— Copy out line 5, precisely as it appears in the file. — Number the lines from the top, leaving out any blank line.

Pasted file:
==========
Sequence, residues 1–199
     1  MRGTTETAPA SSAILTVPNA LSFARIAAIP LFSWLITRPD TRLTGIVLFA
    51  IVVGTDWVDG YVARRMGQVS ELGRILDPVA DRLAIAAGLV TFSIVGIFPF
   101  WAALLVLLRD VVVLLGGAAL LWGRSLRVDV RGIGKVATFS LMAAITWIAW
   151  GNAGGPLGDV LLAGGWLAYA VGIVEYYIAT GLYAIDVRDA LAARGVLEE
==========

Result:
   151  GNAGGPLGDV LLAGGWLAYA VGIVEYYIAT GLYAIDVRDA LAARGVLEE